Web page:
How to Add Money to Prepaid Cards

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Prepaid card issuers get paid every time you make a purchase, so it's in their interests to make sure you can reload with as little hassle as possible. As such, they provide plenty of quick and easy methods of transferring funds. Some of these are free, while others carry a fee.

Reload Location

Prepaid card issuers typically work with a network of retailers that offer reload services. If you want to load money onto your card, check out your card issuer's website to find a reload location close to you. At these locations, you can add cash to your card or use another card to reload money onto it. The money you load will either go straight onto your card, or you'll be handed a reload voucher. This will contain a code that you'll be able to use to add money to your card. You'll typically need to log into your prepaid card account online to use the code to get funds onto your card.

Checking Account Transfer

If you use Internet banking to manage your checking account, you can log into your bank's online services and make a funds transfer to your prepaid card. You can also initiate a transfer by calling your bank's customer service line, or by visiting one of its branches. You'll need your prepaid card issuer's routing number and account number, along with the 16-digit number on the front of your prepaid card. If you want to avoid the hassle of repeatedly reloading your card, contact your prepaid card issuer and set up a direct deposit from your checking account.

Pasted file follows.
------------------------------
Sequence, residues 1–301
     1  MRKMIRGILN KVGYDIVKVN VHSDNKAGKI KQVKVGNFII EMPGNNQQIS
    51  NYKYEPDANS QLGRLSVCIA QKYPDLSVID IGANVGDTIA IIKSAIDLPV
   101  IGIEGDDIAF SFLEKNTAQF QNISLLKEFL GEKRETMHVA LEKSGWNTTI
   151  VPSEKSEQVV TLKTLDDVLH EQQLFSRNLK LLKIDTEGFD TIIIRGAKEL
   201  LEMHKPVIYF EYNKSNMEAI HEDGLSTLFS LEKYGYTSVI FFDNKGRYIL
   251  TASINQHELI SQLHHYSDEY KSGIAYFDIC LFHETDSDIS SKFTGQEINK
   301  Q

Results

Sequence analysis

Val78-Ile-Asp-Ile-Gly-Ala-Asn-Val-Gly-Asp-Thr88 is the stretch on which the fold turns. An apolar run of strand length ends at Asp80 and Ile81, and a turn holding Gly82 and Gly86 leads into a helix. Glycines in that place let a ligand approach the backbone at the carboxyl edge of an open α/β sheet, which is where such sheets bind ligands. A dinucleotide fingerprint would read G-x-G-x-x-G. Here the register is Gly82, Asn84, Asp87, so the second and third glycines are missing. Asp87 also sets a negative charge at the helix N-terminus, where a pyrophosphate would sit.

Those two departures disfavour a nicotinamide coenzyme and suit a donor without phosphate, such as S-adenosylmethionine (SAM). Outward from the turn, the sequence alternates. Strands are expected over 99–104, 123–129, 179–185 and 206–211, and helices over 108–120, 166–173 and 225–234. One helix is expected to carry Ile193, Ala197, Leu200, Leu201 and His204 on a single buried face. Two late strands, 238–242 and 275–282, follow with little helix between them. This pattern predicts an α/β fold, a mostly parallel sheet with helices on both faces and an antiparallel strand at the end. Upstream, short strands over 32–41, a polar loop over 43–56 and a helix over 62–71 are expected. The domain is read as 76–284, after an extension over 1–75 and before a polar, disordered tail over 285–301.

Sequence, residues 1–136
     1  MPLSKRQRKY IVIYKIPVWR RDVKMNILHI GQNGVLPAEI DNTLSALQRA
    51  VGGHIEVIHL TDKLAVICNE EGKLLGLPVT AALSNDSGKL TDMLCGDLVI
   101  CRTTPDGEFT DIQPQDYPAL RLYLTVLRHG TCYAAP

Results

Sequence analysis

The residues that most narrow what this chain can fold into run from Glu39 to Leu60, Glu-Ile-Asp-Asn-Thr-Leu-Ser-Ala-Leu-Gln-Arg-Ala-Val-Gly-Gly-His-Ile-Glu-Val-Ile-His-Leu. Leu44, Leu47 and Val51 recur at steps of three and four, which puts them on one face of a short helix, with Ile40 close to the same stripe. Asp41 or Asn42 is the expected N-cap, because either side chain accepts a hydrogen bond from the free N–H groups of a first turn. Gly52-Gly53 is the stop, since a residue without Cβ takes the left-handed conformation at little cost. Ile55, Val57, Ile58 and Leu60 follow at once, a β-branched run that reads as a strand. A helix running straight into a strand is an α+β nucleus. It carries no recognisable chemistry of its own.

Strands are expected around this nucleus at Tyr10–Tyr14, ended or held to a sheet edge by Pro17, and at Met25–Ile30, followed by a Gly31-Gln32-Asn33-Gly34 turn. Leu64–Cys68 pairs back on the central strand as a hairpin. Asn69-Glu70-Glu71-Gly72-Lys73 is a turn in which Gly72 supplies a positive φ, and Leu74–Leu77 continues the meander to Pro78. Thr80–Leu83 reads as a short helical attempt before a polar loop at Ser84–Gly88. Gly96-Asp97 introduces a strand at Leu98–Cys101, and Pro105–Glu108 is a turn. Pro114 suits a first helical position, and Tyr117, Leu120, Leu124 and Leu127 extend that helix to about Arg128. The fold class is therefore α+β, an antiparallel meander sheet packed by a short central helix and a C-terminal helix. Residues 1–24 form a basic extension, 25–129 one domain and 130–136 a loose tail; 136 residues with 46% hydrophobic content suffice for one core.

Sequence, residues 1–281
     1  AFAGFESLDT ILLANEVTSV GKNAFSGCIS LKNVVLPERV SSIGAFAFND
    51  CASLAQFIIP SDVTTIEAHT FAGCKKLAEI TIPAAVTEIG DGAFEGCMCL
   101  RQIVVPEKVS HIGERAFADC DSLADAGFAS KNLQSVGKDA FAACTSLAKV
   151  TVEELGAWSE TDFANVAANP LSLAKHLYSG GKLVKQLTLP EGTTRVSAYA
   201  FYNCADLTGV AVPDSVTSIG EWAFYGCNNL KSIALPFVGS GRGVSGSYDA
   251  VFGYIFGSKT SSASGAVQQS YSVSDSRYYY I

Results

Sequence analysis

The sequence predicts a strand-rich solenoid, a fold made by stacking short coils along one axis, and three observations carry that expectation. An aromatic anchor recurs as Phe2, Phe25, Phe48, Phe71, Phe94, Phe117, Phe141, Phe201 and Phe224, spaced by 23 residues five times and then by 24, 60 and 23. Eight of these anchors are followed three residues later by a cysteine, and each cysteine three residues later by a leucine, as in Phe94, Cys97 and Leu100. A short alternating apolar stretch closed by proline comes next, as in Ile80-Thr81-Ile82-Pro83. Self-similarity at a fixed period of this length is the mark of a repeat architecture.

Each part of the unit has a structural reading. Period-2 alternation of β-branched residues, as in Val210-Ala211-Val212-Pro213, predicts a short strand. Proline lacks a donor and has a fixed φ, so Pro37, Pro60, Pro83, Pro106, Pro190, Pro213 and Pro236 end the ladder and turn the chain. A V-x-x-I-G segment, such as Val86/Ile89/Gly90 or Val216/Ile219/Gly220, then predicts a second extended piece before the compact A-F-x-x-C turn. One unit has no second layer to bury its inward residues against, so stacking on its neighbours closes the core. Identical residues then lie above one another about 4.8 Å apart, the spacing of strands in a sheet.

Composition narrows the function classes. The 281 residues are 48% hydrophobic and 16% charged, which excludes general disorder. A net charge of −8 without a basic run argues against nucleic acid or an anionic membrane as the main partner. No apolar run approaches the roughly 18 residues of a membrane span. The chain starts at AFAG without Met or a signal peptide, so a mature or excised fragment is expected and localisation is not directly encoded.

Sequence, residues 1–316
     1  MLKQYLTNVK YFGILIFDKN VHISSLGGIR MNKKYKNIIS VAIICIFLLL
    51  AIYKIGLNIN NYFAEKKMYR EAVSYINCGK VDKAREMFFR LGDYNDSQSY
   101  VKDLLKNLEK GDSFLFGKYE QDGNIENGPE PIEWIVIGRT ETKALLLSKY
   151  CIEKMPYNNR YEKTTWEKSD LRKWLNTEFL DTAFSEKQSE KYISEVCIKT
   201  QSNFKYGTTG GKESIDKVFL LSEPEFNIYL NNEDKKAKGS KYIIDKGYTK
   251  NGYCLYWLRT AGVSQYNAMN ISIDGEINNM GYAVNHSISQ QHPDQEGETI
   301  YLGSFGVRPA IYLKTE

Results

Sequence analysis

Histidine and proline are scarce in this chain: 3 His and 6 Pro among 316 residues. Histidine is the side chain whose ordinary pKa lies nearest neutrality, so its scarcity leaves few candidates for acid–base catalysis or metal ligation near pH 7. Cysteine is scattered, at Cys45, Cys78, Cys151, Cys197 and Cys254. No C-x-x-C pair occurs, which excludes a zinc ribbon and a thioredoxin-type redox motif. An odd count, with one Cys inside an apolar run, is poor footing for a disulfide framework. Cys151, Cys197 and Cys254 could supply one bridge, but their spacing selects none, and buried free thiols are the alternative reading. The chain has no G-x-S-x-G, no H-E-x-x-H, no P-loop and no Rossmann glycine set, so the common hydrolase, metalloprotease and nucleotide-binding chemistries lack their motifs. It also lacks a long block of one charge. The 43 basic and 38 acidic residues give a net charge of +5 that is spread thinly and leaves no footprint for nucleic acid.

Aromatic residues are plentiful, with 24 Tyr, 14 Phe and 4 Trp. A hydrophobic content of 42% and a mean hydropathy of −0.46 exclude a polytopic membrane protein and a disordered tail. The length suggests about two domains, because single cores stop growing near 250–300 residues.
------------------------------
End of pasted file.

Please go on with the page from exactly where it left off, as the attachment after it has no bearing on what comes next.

Online

Many prepaid debit card issuers let customers add funds online. Either log into your account via your card issuer's website, or use its mobile device app. You'll be able to add funds using another debit or credit card. Some card issuers allow their customers to load checks via their smartphones or tablet computers. To do this, you'll need to take a picture of the check you want to load and send it to your card issuer.

Internet Transaction Services

Add funds to your prepaid debit card using online transaction services such as PayPal, Google Wallet and Skrill. The method for doing so will vary depending on which service you're using. Check out your online transaction service's website for instructions on how to link to your prepaid debit card.

Wages

You can have your wages or any payments you receive from the government paid directly onto your prepaid debit card. In most cases, you'll simply need to provide the person or organization paying you with your card issuer's routing number and account number, along with your card number as a reference.

Fees

Prepaid card issuers or their agents often charge a fee to load money onto cards. You'll typically be hit with a charge if you reload at a physical location or use a credit card to add funds to your account. Direct deposit transfers are usually free. Prepaid card issuers use different fee structures, so check the terms and conditions or your card issuer's website to find out how much you'll have to pay.

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